I was going to print out an example on Astroparche, because this would look great on a colored cardstock, but the weather here is INCREDIBLE - so I'm just posting, then going out to enjoy the sun and my garden!
Yes, I will post the top later as a mandala. But right now, the sun is calling me!

Here you go! I hope you like this box, click the image for a larger version, print on card stock, cut out, score folds, fold, glue!

Friday, June 14, 2013

The Flag of the United States of America printable pages

flag of the United States of America

It's very rare that I do specifically educational printable pages. Most of my printables are meant for a wide range of ages.

This one is educational, and my terms of use are the same as usual. Yes, it's okay to use my printables with your scouting troops, classrooms, and other groups.

The first one is available in both large PNG format (not transparent, sorry!) and jpg format. The second one is only available in large PNG format because of the size of the fonts used.

The flag was drawn to exacting specifications to be as proportionally accurate as possible. The pages below are lined for text.

Click the images for a larger version.

Small JPG version:
United States of America flag paper- JPG

Large PNG version:

This one needs to be printed in landscape format. The flag is marked on every star in order of statehood with the abbreviation for the state name and the year it became a state. The text on the stripes lists the 13 colonies and the exact day they became states. Large PNG format.
USA flag with states listed printable

...And the winners of the Retro Owl Duck Tape rolls are..

The winners of my Birthday Retro Owl Duck Tape Giveway are-

John, Jennifer, Ranae, Sindy and Marji!

The Amazing Turnip Girl randomly drew the names this morning. Sorry I'm a day late announcing.

Thank you so much to everyone who entered!!

Wednesday, June 12, 2013

Heart Mandala to color

Heart mandala

Happy Loving Day! On June 12, 1967 in the Loving vs. Virginia case brought before the Supreme Court, Loving won. The decision made it clear that it's unconstitutional to deny people the right to marry based on race.
 "Under our Constitution, the freedom to marry, or not marry, a person of another race resides with the individual and cannot be infringed by the State".- Chief Justice Earl Warren  
I hope you enjoy today's mandala of hearts.
Click on the images for larger versions to color.

Small JPG version:
Heart mandala to color- jpg version

Large transparent PNG version:
heart mandala to color- PNG version

Tuesday, June 11, 2013

Product review- My Lanyard Maker

It's summer, which means it's time for summer fun things like camping, fishing, hiking, day camps, crafts and lanyard making!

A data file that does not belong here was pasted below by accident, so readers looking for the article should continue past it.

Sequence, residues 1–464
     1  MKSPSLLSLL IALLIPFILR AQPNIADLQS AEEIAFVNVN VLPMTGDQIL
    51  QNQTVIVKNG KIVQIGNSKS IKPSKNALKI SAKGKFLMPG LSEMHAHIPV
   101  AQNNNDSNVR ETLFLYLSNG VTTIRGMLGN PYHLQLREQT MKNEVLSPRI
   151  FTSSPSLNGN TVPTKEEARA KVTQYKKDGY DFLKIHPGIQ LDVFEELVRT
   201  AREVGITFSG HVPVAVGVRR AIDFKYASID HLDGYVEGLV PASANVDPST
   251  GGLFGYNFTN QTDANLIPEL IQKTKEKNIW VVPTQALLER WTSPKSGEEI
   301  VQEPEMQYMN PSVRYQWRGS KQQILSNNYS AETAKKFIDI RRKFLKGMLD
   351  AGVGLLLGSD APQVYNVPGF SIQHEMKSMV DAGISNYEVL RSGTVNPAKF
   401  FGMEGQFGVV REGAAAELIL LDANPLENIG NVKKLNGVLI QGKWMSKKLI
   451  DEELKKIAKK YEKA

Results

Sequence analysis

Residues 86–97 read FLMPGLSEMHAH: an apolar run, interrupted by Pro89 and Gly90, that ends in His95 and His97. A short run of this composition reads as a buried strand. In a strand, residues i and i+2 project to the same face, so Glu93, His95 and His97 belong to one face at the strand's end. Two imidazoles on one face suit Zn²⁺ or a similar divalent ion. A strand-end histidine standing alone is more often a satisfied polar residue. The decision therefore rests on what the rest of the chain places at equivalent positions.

My Lanyard Maker is a loom for lanyard making. It makes it very easy to knot flat plastic or round plastic lacing without that "I don't have enough hands" frustration. In my photo above, I have a basic box weave lanyard key ring, and the enclosed instructions cover two very basic weaves including the box weave.

The loom has 4 sides with 8 slots per side to arrange your lacing or cord in. Each of the slots is labeled with an embossed letter/number designation for following patterns. Just past one side is a clip so you can use it in a different layout for some designs. For weaves like the box weave, instead of the clip you would use the center piece which holds the key ring or small carabiner. The weave works up in the middle of the loom and you can drop out the center piece to continue weaving as it gets longer.

This also has a drawer to hold supplies, and it comes with some split ring key rings, plastic key rings, pony beads to decorate, and both round and flat lacing to get started. Like all of the line of products from this company, it's great crafting fun that is well thought out.

The products from the My Friendship line of products are well made, and well thought out, but hands down my favorite thing about the company is their interaction online. The webpage has several downloadable PDFs that are free which give instructions for many more projects to make with their makers, they post on their Facebook page- Choose Friendship, daily with quotes, happy thoughts and inspiration. 

You can find My Lanyard Maker at The Friendship Factory . 

The products reviewed in this post were provided to me at no cost for the purposes of review. I received no other compensation, and my review is my honest opinion of the product.You can read more about my review policy here.

Monday, June 10, 2013

Crochet Scale Pouch Pattern